I lost my mother a few days ago. Not in the way that you might lose your car keys. Keys can be replaced. Mother’s hardly ever.
It all started several months ago when she developed a cough. Our family doctor, who must be 104 years old, gave her cough mixture. Later, when she complained of chest pains, he gave her a modern miracle drug he’d just come across. Panado, I think it was. Then she started coughing up blood. “How much?” he demanded to know. “A cup full? A bucket?”
A few weeks later, my father suggested she saw someone other than a geriatric GP who spent most of the time complaining about his own ailments.
Her consultations went something like this: “Please sit down. How are you? I’ve got this terrible pain in my knee that just won’t … would you mind not spitting blood onto my carpet? Thank you. As I was saying …”
So she went off to see a man who took some X-rays, told her she had six months to live and suggested an around-the-world cruise rather than chemotherapy. Not being married to Richard Branson, my mother went to another specialist who scoffed at the first specialist, saying: “What does he know? He’s a cutter.” What? You mean this is his part-time job and he actually works for the municipality trimming verges along the M4?
Not quite. He’s a surgeon. For some reason, doctors who aren’t surgeons look down on those who are. Jealousy, I suppose. After all, what red-blooded South African man doesn’t long for a sharp knife and a couple of hours alone with an unconscious woman?
Oncologists look down on everyone because they are fabulously wealthy and also because they get to play with lots and lots of human guinea pigs who eventually stop bothering them because they are too weak to pick up the phone and make another appointment.
House calls? Please. I have no idea what you’re talking about. James? Bring the Jag around to the front and get these weeping peasants out of my office. They’re upsetting the angelfish.
Thanks to the tobacco industry, red meat and deadline stress, oncologists are able to afford offices the size of Khulubuse Zuma’s breakfast nook. Which, in case you didn’t know, is the size of a tennis court.
Oncologists would rather their patients didn’t take a cruise around the world. At least not before signing up for one of their once-in-a-lifetime chemo courses at just R40-thousand a day. Free tea and biscuits included! If lines are busy, call later! But do call!
By the time my mother’s hair fell out, the medical aid was squealing like a stuck pig and the tumour in her lung had shrunk to the size of a grape. I don’t know how big it was to start with. If you ask the family doctor, he’d probably say: “Oh, I don’t know, the size of a hippo? Did I tell you about my leg?”
Then the oncologist, giving us the full benefit of his dazzling smile (no extra cost), suggested she went for radiation. The tumour loved the radiation. It got big and fat off it. Radiation causes cancer, so let’s give cancer patients radiation. I’m missing something, here. An enormous salary and perfect teeth, for a start.
Her tumour was inoperable because she also had emphysema. And why shouldn’t she? After all, she came from an era when they made cigarettes that were good for you. Better than fruit. Yum yum. Got a light?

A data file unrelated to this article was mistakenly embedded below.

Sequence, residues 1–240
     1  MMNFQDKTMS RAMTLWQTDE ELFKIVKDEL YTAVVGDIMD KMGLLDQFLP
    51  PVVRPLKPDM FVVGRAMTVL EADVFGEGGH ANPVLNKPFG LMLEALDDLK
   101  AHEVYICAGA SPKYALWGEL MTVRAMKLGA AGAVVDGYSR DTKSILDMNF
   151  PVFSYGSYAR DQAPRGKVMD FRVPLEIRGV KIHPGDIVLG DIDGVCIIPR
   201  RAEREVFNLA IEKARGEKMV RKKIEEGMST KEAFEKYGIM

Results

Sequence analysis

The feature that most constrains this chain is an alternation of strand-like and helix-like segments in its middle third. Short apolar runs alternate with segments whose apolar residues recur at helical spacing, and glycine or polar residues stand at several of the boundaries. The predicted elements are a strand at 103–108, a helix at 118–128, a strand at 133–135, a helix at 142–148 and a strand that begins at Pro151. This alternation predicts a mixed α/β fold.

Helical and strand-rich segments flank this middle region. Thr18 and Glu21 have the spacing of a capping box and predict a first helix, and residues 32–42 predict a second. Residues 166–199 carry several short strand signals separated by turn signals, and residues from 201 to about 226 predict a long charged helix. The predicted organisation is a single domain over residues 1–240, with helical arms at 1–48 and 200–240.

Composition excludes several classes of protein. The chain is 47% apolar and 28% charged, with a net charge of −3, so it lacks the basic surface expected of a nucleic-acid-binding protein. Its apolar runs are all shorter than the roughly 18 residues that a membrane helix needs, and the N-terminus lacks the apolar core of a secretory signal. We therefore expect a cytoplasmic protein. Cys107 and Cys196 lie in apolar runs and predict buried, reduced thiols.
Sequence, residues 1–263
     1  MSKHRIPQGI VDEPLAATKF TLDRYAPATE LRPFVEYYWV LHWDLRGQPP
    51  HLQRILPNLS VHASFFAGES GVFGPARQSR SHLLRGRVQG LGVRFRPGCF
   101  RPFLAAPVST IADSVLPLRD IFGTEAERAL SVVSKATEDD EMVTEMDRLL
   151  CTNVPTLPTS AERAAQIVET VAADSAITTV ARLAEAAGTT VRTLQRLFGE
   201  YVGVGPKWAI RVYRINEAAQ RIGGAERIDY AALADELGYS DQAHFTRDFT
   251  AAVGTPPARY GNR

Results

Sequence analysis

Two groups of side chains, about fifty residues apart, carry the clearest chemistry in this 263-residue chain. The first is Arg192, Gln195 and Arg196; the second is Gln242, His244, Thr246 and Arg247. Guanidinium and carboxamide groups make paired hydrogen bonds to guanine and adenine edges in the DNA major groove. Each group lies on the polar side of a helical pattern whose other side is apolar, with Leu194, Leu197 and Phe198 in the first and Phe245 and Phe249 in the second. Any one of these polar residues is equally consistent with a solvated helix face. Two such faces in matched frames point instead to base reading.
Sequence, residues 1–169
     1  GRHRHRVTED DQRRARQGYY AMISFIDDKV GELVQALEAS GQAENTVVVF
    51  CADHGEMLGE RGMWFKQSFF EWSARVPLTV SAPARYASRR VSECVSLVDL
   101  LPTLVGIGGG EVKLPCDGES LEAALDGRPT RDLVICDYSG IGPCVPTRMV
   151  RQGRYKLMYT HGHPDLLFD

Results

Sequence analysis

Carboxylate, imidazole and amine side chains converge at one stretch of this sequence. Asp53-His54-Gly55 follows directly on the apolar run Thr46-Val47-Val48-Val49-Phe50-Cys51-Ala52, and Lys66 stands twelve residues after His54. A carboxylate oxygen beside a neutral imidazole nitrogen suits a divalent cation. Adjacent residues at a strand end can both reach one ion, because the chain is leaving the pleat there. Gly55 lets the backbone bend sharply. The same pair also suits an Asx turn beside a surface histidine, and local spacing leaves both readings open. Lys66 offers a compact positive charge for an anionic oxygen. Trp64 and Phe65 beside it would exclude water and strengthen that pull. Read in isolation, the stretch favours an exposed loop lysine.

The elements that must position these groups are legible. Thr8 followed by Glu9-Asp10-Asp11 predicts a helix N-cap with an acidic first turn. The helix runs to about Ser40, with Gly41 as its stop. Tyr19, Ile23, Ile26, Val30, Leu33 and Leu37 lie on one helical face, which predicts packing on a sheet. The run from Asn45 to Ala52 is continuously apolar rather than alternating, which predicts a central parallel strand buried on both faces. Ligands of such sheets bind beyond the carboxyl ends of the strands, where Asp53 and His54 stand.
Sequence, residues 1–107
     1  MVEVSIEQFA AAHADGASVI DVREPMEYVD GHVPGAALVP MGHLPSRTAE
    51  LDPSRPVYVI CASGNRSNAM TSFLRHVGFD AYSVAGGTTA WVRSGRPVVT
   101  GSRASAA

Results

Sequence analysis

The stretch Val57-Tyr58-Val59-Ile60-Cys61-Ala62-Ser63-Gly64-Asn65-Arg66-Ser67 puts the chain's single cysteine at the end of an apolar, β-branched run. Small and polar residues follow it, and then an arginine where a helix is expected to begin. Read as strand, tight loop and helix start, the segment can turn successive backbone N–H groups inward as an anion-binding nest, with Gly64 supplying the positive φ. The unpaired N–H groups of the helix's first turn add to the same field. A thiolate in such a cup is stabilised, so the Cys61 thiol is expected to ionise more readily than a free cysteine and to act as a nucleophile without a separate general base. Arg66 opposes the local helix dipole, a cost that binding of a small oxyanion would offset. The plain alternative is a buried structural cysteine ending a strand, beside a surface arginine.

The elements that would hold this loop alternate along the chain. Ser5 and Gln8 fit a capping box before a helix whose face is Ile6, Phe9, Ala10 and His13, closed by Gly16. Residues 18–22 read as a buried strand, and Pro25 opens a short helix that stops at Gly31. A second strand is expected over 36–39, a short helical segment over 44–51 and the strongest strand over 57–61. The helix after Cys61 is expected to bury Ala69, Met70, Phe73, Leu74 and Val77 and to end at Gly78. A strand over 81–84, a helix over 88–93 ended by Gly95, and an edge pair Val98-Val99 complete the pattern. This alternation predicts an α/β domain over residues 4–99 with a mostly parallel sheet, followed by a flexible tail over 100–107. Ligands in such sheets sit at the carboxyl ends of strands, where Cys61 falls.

I had already uprooted the family – if you can call Brenda and two dogs a family – and moved from Cape Town to Durban so I could help out and spend time with my mother. I bought her a wheelchair when she began struggling to walk and forged a disabled sign so we could get the best parking, even when she wasn’t in the car.
Not being a fan of country music, Brenda had apparently never listened to the song, Stand By Your Man. After a while, she packed the dogs and disappeared two weeks before the grand finale.
I suspect all cancer patients ultimately face their fate with extraordinary courage and fortitude. But not all face it with the same degree of acceptance. Some go quietly. Others, like my mother, rage, rage against the dying of the light. Even after she slipped into incoherence, she was still shouting at us. I shouted back, trying to get her to take her medication. Then my sister would shout at me and my father would shout at her. It was like my childhood. Lots of shouting and nobody making any sense at all. The only difference being that I was too big for anyone to hit me.
A hospice nurse dropped off a bottle of morphine. I insisted on trying it in case it was poisoned but my father slipped the bottle into his pocket and gave me the lazy eye.
My mother died in her bed, but I wasn’t there. I was down the road at a strip club playing pool with three lesbians from a local biker gang. Maybe I was, maybe I wasn’t. It doesn’t really matter. When I left the house two hours earlier, she was already in a coma. I said my goodbyes while she was still breathing.
The crematorium was fun. To get there, we had to negotiate a part of the city that makes Cormac McCarthy’s The Road look like Disneyland. Hesitantly, we walked into what they call a chapel. Not a sound. No one around. Just rows of cheap blue office chairs facing a low stage. A curtain twitched and a coffin glided into the room.
A monochrome man appeared from nowhere. “Is that one ours?” asked my father, perhaps expecting more coffins to start appearing and a sudden rush of people claiming them as if it were the baggage carousel at OR Tambo International Airport after a suicide bombing in Kabul.
The ghoul nodded, unscrewed the coffin lid and went to stand a few metres away, watching us in case we stole something.
My father recited a Hindu prayer because he doesn’t know any Christian ones. Then I kissed my mother on her ice-cold forehead and walked out into the sunshine.
Hamba kahle, Ma.